Court Finds Amazon Liable for Defective Third-Party Products

The California Fourth District Court of Appeals ruled that Amazon can be held liable for the damages created by a defective replacement laptop battery purchased from a third-party seller on its marketplace. The buyer, Angela Bolger, reportedly got third degree burns when the battery, from Amazon third-party seller Lenoge Technology, caught fire. Amazon has defended itself against such liability lawsuits so the appeals court decision is a major blow to its e-commerce business. The company currently faces several other liability suits.

CNBC reports Bolger’s attorney Jeremy Robinson noted that, “consumers across the nation will feel the impact of this.” Third-party sellers on Amazon’s site now account for “approximately 60 percent of the company’s e-commerce sales.”

Over the years, third-party sellers have hawked “counterfeit, unsafe and even expired goods.” Amazon has stated that “it invests hundreds of millions of dollars per year to ensure products sold are safe and compliant” and also pointed out that, “it’s only the conduit between buyers and sellers on its marketplace and that it’s not involved in the sourcing or distribution of products sold by third-party sellers.”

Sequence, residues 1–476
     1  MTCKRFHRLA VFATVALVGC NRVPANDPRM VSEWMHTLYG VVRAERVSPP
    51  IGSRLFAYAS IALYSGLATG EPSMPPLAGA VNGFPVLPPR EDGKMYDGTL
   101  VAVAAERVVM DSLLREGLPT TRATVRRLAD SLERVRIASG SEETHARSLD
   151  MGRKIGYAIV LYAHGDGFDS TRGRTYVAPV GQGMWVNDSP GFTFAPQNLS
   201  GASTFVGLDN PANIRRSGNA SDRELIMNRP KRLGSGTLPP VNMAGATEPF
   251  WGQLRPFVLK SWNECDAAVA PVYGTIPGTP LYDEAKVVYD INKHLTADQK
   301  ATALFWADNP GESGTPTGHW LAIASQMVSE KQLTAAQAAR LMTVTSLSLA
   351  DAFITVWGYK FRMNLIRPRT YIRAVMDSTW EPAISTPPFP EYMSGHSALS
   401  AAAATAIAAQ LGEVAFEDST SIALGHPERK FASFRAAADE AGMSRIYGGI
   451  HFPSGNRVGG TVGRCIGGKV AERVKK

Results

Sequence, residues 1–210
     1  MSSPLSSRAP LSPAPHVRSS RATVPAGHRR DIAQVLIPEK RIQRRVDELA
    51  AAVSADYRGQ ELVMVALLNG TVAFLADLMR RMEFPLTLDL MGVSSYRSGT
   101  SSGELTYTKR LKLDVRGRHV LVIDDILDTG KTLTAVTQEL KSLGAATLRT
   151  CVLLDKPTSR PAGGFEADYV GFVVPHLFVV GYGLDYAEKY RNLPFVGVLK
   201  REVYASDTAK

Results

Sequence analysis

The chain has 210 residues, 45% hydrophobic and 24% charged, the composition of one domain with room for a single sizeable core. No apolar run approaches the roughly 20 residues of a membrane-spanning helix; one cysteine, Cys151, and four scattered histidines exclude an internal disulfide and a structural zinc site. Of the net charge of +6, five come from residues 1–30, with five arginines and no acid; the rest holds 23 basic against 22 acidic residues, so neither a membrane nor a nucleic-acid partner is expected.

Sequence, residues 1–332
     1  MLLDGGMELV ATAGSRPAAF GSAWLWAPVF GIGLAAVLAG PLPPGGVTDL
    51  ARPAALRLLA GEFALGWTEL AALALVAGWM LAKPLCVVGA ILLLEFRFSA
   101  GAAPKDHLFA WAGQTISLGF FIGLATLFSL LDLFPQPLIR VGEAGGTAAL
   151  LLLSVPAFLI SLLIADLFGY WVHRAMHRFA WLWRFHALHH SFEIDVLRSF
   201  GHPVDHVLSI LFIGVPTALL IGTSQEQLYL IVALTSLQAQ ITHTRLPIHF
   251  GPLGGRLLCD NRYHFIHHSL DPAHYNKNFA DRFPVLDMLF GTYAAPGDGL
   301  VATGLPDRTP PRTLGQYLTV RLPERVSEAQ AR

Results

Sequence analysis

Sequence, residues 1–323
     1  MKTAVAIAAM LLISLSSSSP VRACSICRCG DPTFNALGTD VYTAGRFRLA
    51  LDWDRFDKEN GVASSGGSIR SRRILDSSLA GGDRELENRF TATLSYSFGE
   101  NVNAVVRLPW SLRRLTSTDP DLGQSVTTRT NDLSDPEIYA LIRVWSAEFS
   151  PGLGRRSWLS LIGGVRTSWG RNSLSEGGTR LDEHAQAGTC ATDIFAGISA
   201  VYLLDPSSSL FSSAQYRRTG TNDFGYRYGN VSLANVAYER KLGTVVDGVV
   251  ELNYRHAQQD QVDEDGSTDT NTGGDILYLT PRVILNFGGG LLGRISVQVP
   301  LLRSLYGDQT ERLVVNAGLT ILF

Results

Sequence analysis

The latter was Amazon’s rationale that it is free from liability, and it worked in the past, including a 2018 case in which a hoverboard exploded and burned down the Amazon shopper’s house.

In the case that found Amazon liable, the Court of Appeals placed Amazon in “the chain of distribution,” by storing the battery in its warehouses, accepting payment and shipping the product, as well as determining “the terms of its relationship” with the third-party seller and demanding “substantial fees on each purchase.” The court wrote that, “under established principles of strict liability, Amazon should be held liable if a product sold through its website turns out to be defective.”

The court also stated that Amazon can’t be “shielded from liability” via Section 230 of the Communications Decency Act, which “protects online platforms from being held responsible for content their users post on their sites.”

The Verge reports that Bolger’s purchase of the replacement battery on Amazon was from “E-Life, a fictitious company name for Lenoge Technology, which shipped the battery to her in Amazon-branded packaging.” When it exploded several months later, Bolger stated that, “she was never notified of safety concerns that led to E-Life being banned from Amazon’s platform.”